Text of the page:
The intentional, strategic use of space can determine how efficiently a greenhouse functions and how profitable it is
Nursery operators tend to fill greenhouses to capacity, so that enough product is available when sales come knocking.
But according to Rick and Elizabeth Peters of Lean consultants The Peters Company (Wilsonville, Oregon), a packed greenhouse at times can inhibit worker access to plants. Ultimately, that can cost a nursery.
“When we are so concerned about maximizing every square foot of potential growing space in our operation, we sometimes leave out what is necessary for that plant to exist while it is growing,” Rick Peters said. “If we fill up every bit of space in that greenhouse with our product, it subtracts from our ability to actually access and care for that product.”
In interviews with Digger, the Peters Company and two Oregon nursery operators discussed optimal ways to arrange greenhouses in terms of plant needs, efficiencies and other factors.
Ultimately, both Mike Hicks of Little Prince of Oregon Nursery in Aurora and Ben Verhoeven of Peoria Gardens Inc. in Albany said the top priority in greenhouse organization is to meet the cultural needs of plants.
“The number-one priority in arranging a greenhouse is to grow a quality crop,” Verhoeven said. “After that, it is making best use of your resources.”
Knowing your plants
Meeting the cultural needs of a plant involves knowing its growth characteristics, he said, as well as its water, sun and fertility needs. “Knowing how quick one plant will grow compared to others and understanding their needs is really important in terms of how you arrange your greenhouse space,” Verhoeven said.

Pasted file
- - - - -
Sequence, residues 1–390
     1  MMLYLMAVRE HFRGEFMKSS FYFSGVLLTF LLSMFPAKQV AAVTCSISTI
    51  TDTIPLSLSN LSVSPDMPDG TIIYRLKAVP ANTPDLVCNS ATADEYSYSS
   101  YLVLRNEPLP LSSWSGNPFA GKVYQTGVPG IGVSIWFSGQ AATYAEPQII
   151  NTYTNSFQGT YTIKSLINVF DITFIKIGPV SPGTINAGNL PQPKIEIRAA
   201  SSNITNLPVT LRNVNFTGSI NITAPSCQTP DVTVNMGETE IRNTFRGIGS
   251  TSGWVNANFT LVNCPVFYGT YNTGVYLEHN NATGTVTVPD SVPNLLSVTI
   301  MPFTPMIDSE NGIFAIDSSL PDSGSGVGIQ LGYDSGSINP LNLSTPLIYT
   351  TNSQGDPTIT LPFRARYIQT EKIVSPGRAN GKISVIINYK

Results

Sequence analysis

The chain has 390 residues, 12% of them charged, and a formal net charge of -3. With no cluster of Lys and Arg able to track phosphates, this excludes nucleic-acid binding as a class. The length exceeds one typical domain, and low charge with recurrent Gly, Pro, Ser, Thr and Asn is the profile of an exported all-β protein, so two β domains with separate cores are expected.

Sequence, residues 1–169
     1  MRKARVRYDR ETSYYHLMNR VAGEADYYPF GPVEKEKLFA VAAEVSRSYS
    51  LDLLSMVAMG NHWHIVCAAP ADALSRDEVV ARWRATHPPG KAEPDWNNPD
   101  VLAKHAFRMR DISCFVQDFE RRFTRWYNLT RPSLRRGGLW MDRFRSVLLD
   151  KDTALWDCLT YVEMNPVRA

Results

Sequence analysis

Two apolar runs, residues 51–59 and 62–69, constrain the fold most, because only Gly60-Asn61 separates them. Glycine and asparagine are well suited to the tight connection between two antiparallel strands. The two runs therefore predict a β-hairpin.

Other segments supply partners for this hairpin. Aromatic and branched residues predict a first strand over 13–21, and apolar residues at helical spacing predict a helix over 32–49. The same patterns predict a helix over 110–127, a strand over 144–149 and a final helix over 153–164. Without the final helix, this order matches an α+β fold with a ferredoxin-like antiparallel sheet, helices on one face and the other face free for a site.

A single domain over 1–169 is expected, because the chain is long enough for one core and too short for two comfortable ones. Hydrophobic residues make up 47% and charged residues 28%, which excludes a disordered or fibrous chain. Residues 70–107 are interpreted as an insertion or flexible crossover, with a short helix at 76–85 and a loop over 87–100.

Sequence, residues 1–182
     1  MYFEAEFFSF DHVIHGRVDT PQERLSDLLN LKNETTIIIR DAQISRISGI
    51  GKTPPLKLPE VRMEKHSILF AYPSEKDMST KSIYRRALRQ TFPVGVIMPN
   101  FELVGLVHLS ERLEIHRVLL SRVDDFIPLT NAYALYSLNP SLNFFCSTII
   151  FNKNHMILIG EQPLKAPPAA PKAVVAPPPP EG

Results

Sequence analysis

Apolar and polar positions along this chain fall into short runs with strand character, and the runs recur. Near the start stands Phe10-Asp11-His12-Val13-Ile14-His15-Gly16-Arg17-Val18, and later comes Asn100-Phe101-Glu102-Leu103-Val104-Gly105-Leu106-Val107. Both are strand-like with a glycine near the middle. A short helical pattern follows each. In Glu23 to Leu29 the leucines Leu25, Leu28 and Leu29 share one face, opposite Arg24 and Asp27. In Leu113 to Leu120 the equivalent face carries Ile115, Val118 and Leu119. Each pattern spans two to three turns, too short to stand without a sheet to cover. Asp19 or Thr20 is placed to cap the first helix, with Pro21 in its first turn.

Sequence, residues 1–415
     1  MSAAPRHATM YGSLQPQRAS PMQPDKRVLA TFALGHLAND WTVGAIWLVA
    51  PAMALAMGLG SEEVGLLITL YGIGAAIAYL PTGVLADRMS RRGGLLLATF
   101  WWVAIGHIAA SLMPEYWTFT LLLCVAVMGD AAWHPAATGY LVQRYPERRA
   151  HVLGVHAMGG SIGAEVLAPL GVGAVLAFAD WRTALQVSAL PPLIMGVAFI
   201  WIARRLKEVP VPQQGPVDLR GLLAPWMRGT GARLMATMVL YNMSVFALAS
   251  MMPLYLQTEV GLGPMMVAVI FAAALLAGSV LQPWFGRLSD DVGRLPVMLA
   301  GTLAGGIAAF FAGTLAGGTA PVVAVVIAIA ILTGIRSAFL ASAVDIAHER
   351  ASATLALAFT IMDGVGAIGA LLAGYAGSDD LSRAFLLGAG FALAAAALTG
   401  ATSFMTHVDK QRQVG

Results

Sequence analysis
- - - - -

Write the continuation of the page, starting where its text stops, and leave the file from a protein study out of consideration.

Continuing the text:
Hicks agreed: “You need to know a plant’s requirements and also their timing,” he said. “You don’t want to put a crop that is going to be done really fast with some other crops that are going to take a long time, because the goal is always to completely empty a greenhouse and start over. It is always good to start fresh.”
Understanding markets also is essential in greenhouse arrangement, Verhoeven said. “Having a good sense of your market helps in reducing consolidation, and that is something we are constantly trying to do.”
Verhoeven also believes it is important to move out plants as soon as they are ready. “Once that plant is ready to go, once it has completed its growth cycle and is up to a sellable stage, we want it to head out the door. We want to move it right onto a truck because it is occupying good space,” he said.
Grouping plants by need
Grouping plants with similar needs can help in operational efficiencies, as well as facilitate efforts to clear a greenhouse before refilling, according to the nursery operators.
“Things that like it dry, we like to put next to things that also like it really dry,” Verhoeven said. “Bigger containers we like to put with other bigger containers, because they are going to have a similar growth trajectory and water requirements. And smaller plants, we will put with other smaller plants.